Thought Leadership

Spotlight on Regulatory Activities: the Fair Work Ombudsman in 2021-2022 & underpayment claims

By Vanessa Andersen, Katie Kossian, Grace Turner-Mobbs

• 07 December 2022 • 5 min read
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In 2021/2022, the Fair Work Ombudsman (FWO) has recovered $532 million in unpaid wages and entitlements on behalf of 384,805 people. More than half of this amount was recovered from large corporate employers. In an increasing trend, 68% of these large corporate employers voluntarily self-disclosed non-compliance to the FWO.

The FWO continues to uncover large-scale underpayments and non-compliance. Common issues are inadequate annualised salary arrangements which do not compensate employees for their actual hours of work, and a failure to implement enterprise agreement obligations. Root causes are commonly ineffective governance and a lack of investment in payroll systems, record-keeping and internal auditing.

While no industry is immune, the FWO has announced that in 2022-2023 it will be prioritising compliance reviews of fast food, restaurants and cafes, agriculture, sham contracting, large corporate and university sectors and contract cleaning.

Self-reporting non-compliance may not be sufficient to avoid enforcement action including infringement and compliance notices, enforceable undertakings and penalties. In choosing its course of action, the FWO will assess the reasons for non-compliance, the attitude of the employer as to non-compliance and its level of confidence that the systems (or absence of systems) which have led to underpayment have been sufficiently rectified and that any underpayments to staff have been appropriately calculated and repaid in a timely way.

Tip 1: If your organisation uses annualised salaries to remunerate award-covered staff, ensure that those salaries sufficiently compensate them for the work they do

Annualised salary arrangements are very common. They allow an employee to be paid a particular annual salary, which is intended to compensate them for all hours which they are required to work. Certain awards include prescriptive arrangements for annualised salary arrangements with the aim of ensuring that the payment of an annualised salary (rather than a weekly or hourly wage) does not result in underpayment when compared with an employee’s minimum entitlements under an award, including minimum rates of pay, overtime, penalty rates, loadings and allowances.

Some employers set annualised salaries having regard to the market only rather than considering or reviewing applicable minimum entitlements. For new roles, annualised salaries are always going to be based on a series of assumptions, including the hours (and the span of hours) during which an employee is projected to work. It is when these assumptions or projections do not reflect the reality of an employee’s work arrangements that risks of underpayment arise. Consider the following examples:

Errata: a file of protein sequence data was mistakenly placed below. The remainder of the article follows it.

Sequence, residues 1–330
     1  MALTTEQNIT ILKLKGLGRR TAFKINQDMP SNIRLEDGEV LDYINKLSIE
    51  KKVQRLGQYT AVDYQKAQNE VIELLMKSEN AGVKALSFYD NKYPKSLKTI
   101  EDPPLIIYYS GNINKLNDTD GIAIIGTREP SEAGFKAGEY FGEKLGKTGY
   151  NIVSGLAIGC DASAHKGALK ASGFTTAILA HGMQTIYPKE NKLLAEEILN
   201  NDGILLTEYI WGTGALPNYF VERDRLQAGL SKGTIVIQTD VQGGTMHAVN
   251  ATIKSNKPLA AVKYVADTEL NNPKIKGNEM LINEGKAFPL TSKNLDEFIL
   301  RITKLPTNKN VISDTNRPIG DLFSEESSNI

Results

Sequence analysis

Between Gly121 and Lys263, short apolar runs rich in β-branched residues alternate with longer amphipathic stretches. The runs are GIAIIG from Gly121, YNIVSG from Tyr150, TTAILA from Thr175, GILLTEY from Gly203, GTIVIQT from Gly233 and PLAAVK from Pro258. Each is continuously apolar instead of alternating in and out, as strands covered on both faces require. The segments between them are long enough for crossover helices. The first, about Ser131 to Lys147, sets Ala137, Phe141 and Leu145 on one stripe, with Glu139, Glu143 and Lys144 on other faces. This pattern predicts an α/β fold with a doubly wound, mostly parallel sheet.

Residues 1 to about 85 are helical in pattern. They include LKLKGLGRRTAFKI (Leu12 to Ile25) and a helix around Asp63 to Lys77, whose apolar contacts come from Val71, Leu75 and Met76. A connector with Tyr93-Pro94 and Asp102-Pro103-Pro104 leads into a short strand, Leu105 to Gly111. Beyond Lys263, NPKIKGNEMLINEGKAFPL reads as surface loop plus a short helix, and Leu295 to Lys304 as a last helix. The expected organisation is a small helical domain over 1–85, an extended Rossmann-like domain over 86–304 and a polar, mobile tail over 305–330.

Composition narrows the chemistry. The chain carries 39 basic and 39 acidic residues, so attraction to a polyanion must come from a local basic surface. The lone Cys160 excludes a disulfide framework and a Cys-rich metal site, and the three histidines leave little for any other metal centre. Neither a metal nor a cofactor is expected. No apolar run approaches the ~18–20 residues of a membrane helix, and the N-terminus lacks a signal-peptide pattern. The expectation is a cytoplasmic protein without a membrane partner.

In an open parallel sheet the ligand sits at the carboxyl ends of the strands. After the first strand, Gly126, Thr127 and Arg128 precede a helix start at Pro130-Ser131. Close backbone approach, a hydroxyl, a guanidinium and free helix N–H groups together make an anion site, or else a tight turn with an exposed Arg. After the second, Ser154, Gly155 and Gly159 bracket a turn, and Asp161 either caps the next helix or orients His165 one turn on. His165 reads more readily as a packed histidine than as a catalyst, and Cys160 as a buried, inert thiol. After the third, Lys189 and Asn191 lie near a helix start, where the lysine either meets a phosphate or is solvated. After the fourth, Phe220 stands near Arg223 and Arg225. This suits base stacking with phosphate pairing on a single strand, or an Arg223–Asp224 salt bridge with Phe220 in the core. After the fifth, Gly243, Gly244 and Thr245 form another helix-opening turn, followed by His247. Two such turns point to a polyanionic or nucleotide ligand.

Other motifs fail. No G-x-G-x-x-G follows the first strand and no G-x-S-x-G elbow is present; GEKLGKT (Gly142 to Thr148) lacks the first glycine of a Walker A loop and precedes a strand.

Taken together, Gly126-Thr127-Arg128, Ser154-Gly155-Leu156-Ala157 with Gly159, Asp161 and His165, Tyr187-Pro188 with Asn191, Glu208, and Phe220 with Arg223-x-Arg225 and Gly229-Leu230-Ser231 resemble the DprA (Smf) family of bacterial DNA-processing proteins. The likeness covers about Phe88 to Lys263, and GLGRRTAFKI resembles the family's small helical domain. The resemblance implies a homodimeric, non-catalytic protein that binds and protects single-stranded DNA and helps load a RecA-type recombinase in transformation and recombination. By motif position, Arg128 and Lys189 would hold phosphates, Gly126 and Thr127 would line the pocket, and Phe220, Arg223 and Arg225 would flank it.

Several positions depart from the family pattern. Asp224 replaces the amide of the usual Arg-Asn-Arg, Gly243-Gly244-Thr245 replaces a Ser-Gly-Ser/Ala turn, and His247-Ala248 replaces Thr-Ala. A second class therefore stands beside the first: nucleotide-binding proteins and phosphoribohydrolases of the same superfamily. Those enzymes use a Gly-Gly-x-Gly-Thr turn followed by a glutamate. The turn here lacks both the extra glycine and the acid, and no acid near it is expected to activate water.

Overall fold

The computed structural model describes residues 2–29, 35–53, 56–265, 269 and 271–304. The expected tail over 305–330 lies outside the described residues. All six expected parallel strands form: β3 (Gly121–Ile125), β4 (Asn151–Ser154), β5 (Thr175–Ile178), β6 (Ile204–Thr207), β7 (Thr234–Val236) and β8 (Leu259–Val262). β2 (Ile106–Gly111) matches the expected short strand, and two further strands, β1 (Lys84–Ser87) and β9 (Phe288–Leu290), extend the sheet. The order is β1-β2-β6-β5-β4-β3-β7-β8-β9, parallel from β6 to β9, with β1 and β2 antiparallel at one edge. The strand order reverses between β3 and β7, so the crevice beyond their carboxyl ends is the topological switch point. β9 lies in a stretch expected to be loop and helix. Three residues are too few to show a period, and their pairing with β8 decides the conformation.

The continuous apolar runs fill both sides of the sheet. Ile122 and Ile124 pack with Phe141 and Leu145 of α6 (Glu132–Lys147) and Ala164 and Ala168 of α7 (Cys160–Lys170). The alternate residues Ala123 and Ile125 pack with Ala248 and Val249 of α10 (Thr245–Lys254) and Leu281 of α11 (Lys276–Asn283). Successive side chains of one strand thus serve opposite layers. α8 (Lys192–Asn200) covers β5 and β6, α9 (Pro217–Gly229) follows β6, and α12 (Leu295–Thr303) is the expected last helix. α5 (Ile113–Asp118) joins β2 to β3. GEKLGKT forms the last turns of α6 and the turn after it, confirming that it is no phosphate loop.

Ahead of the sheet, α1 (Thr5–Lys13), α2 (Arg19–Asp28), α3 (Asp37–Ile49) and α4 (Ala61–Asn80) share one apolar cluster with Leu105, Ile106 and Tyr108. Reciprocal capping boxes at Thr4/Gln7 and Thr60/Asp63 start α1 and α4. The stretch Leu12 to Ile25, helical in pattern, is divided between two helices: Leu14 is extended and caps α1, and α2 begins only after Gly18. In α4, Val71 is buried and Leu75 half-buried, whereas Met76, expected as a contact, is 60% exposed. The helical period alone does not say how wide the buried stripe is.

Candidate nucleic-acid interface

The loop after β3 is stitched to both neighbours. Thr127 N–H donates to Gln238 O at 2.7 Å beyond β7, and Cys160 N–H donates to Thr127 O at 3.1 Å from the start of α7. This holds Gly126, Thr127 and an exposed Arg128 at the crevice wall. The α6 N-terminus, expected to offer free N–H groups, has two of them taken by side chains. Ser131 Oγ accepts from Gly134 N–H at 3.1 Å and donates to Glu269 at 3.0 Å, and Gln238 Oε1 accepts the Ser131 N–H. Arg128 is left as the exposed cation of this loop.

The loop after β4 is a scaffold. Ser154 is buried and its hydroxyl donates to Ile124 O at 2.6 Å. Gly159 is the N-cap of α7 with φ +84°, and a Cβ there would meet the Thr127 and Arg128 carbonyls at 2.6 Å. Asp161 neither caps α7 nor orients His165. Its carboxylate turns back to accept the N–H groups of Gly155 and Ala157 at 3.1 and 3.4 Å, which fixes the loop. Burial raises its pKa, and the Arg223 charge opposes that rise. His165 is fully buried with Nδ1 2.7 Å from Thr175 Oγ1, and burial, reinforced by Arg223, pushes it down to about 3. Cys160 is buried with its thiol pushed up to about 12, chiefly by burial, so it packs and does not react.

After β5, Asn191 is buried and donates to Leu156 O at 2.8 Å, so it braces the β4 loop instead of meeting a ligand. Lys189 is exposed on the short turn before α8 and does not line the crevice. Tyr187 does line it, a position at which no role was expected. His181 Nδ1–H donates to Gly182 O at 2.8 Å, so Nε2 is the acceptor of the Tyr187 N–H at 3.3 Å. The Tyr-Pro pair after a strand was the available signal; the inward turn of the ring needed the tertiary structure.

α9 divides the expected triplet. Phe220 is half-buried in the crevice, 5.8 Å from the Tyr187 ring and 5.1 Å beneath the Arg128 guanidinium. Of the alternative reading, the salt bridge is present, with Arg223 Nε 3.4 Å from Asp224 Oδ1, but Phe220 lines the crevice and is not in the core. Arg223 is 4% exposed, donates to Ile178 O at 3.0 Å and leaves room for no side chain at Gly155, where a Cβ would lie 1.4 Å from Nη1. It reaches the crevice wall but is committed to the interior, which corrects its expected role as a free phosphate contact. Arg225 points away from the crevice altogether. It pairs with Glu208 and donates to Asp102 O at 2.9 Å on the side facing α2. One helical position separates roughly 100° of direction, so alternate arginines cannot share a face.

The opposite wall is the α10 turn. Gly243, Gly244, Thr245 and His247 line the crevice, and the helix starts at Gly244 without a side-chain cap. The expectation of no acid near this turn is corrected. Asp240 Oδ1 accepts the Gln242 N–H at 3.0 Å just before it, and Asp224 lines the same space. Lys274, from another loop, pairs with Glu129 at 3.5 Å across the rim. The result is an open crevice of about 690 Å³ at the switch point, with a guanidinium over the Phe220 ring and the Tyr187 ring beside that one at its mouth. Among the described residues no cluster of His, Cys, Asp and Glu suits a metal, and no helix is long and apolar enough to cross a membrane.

• An employee has accrued a substantial amount of annual leave and decides to take that leave all at once, but the employee’s annualised salary is insufficient to properly satisfy the 17.5% annual leave loading the employee is entitled to under the relevant award.
  • Your organisation has an unexpected influx of work, which requires employees to undertake significant amounts of overtime. Some of this overtime is done at the request of the business, but some is done at the employee’s own initiative (and performed remotely).
  • Your organisation encourages flexible working practices to facilitate employees undertaking work when it best suits them; however, an employee may work in a manner that inadvertently attracts significant penalty rates. This problem may be further compounded if the work is undertaken remotely so that the organisation has limited visibility around the hours of work being performed.

While each of the above scenarios gives rise to a risk of underpayment, with appropriate review and control measures such risks can be mitigated.

Tip 2: Control measures - ensure that your employment contracts and policies are fit for purpose

There are a number of ways in which employers can minimise the risk of underpayment claims, including:

  • Ensuring that employment contracts include effectively drafted set-off provisions, which state that any payments made to the employee over and above their entitlements under an applicable industrial instrument can be used to offset any entitlements an employee may have under that instrument. To be effective, such a clause will need to specifically identify what entitlements are intended to be set off, including, for example, minimum rates of pay, overtime, penalty rates, allowances and loadings.
  • Set clear expectations around approval processes when employees work overtime or outside of the organisation’s ordinary hours of work (including, for example, the need for an employee to get approval to work past a particular time of day).
  • Develop policies and systems which enable the organisation to capture and review employees’ work arrangements and working hours (particularly in remote or hybrid work arrangements), and
  • encourage employees to take their annual leave in the year that it accrues. This may assist with mitigating the risk of underpayment of leave loading but is also likely to be beneficial in improving employee wellbeing.

Tip 3: The proof is in the payslip - do not forget your employee record keeping requirements!

Statutory record keeping requirements can easily be forgotten or overlooked. Non-compliance can lead to prosecution and penalties and, if an employer is audited or investigated by the FWO, the lack of records will be an aggravating factor when the FWO is assessing enforcement action.

Read more articles from the Employment, Safety & People, 2022 Year in Review

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